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Full text of "Alexander von Humboldt"

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176                           LIFE OF
Thus this time-measuring instrument became as im-
portant for the geologist as the lead is to the mariner.
Both reveal unseen depths ; the variations in the pen-
dulum oscillations even showed whether cavities, or
dense basalt masses, exist in the depth of the earth.
When it was at last possible to ascertain the physi-
cal form of the earth by means of the moon also,
science achieved a great triumph, and Laplace was
justified in saying that an astronomer, without leaving
his observatory, was not only able to determine the
form and size of the earth, but its distance from the
sun and moon, results which could, however, not have
been achieved without long and laborious expeditions
to the most distant portions of both hemispheres. It
is a fact that the form of a planet exercises a consider-
able influence over the movements of other bodies,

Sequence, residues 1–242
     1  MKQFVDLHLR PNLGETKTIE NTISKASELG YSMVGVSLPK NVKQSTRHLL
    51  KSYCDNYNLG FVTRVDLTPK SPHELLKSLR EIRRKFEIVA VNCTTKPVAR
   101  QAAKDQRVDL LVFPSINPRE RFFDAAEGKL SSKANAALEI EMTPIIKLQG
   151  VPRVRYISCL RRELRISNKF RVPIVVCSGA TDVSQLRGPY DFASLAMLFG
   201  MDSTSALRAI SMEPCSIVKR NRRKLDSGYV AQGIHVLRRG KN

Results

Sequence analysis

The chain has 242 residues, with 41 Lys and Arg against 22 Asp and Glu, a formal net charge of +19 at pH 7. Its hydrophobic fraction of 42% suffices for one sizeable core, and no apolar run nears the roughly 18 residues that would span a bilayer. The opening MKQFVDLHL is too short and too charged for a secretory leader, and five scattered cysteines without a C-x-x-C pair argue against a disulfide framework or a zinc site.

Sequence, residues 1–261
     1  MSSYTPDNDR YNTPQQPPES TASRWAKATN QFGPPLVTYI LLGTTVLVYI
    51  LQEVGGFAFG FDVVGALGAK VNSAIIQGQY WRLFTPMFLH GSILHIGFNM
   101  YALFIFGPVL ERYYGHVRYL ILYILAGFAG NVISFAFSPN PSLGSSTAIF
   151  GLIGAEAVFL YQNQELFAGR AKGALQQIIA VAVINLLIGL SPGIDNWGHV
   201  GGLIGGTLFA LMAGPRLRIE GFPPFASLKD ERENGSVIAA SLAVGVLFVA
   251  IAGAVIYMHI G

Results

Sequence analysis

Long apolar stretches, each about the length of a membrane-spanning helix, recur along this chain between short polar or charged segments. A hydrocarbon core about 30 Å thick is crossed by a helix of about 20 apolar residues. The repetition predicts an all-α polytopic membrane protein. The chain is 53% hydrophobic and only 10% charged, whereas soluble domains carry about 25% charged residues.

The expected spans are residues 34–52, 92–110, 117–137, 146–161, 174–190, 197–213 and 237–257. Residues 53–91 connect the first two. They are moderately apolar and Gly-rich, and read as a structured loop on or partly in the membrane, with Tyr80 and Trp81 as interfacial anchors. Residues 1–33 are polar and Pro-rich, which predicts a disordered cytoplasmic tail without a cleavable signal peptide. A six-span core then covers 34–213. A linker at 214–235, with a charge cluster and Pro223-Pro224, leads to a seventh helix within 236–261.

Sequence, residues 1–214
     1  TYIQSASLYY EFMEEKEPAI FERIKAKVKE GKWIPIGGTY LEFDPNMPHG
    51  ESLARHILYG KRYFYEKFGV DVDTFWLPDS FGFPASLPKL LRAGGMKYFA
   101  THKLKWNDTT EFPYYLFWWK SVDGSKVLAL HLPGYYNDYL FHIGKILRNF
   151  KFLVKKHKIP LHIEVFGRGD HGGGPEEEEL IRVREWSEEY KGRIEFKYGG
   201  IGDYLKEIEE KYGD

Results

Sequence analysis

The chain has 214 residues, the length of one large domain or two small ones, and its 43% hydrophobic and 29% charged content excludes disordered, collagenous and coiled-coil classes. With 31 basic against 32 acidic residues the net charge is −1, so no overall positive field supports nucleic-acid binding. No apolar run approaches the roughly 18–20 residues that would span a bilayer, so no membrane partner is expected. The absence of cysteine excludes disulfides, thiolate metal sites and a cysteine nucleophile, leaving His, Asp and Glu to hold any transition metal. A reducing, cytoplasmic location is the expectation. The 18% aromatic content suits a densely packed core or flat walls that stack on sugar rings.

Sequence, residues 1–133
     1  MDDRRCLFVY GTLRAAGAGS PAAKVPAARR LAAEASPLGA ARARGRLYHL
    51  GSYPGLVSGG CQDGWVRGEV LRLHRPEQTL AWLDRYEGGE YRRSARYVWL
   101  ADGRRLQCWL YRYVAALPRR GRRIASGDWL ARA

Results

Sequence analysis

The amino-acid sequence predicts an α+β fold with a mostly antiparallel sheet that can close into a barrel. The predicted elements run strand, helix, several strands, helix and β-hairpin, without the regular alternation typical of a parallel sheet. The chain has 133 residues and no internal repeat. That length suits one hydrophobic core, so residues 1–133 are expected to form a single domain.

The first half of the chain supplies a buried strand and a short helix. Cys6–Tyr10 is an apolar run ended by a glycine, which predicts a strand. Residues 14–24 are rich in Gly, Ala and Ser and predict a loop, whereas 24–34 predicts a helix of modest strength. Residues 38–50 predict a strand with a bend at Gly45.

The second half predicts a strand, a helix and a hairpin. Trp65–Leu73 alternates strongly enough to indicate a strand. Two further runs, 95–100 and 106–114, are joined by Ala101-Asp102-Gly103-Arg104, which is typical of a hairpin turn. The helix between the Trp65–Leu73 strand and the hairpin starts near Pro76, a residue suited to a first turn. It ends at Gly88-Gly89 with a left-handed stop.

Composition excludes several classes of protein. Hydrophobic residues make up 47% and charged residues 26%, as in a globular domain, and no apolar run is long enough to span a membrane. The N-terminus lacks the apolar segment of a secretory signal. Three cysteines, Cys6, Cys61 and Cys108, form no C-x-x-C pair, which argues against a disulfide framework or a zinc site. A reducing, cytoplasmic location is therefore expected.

especially on the never distant moons., and therefore
the form of the earth can be ascertained by an accii-
rate knowledge of the moon's movements. And what
measurements and pendulums could not establish, was
ascertained by these observations of the irregularities
of the moon's movements, as not only the flattening
of the earth was ascertained by it, but also the proof
acquired that the strata of the earth increase in den-
sity from the surface towards the centre, and thus, as
Humboldt says, the knowledge of exterior forms jus-
tifies conclusions on the inner constitution of a body.
The actual form of tha earth, depending on the in-
equalities of the hardened surface, is to the regular
mathematically precise form as the uneven surface of
an agitated sea to the same surface when calm.
But the earth was not only measured, it was also
weighed, by means of pendulum and lead. If with
these simple instruments the mean density of the
earth could be determined (which is much greater
than pure water, "being 5*44?) its mean weight could
also be ascertained. Even naturalists have advanced
hypotheses on the interior of the earth, whose bulk
must increase in density the nearer it approaches the
centre; these Humboldt rejects, partly as unfounded, ,